I set up the speakers at Recording’s office studio, using the Full Space and Reference settings. Hi-Fi yields a “smiley face” curve, and Theatre has a huge bass/mid boom that’s great for superhero movies but not something you’ll want to mix with. I worked with them for a few weeks, listening to my reference library tracks and doing editing and mixing with them, driving them with my trusty Schiit Audio Modi 2 D/A and Magni 3 amplifier with a sample rate of 44.1 kHz and either 16 or 24 bits of audio resolution.
ART claims only 3 dB down at 45 Hz with these monitors, which would make them suitable for critical mixing of any music that wasn’t reliant on subwoofer-friendly ultra-low bass. My listening sessions bear this out; there’s a lot of bass to be had, and it’s clear and solid. You can’t quite believe what you’re hearing at first, but the radiators do their job beautifully. You can hear details in low piano notes, 5-string bass, TR-808 kick, and other low-end sources, with good articulation up into the low mids.
The highs are clear and very present; the ring-radiator tweeter throws a lot of high end, and if it’s cranked up it can really sizzle. The mids are interesting, because the RM5 tends to present certain sources like lead guitar and vocals in a very “forward” way, lifting them up out of the mix. It took me some time to figure out how to mix in a way that had the mids gel with the rest of the frequency spectrum, but that effort was a good investment, considering that my mixes didn’t come out shrieky or boomy on even large monitor systems. I found the overall listening experience comfortable at low to medium SPL, and got some guilty pleasure at rattling the walls with the RM5 when they were really cranked up.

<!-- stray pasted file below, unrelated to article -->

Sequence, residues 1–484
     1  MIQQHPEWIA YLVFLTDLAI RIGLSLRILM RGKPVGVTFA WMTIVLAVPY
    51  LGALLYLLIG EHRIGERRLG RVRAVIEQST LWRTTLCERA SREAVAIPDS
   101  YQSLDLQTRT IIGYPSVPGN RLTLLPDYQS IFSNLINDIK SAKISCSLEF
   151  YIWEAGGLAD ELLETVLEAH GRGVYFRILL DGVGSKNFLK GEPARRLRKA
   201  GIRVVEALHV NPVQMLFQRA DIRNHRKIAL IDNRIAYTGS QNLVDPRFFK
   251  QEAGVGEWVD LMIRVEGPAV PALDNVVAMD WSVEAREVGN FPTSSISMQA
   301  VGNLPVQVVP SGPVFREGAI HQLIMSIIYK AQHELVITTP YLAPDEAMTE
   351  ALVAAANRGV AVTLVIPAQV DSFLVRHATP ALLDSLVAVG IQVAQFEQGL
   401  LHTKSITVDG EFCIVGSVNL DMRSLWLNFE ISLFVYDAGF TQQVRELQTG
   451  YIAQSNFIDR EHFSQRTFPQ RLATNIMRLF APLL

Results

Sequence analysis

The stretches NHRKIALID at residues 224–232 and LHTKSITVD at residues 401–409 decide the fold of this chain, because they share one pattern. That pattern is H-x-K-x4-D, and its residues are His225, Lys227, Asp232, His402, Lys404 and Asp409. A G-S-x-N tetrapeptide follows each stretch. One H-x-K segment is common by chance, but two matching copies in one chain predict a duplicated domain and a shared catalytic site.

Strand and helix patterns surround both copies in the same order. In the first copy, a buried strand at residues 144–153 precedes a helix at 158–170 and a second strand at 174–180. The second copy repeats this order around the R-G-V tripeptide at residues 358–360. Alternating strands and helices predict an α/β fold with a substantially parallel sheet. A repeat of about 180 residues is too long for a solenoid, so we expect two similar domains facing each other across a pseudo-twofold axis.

These speakers are impressive, especially coming from a company not known for monitors. They have power aplenty, a really solid and detailed listening soundstage, and once you get them on their stands they’re easy to place and set working. All in all, an impressive debut from ART, and a speaker you’re going to want to check out for yourself.
More from: ART, www.artproaudio.com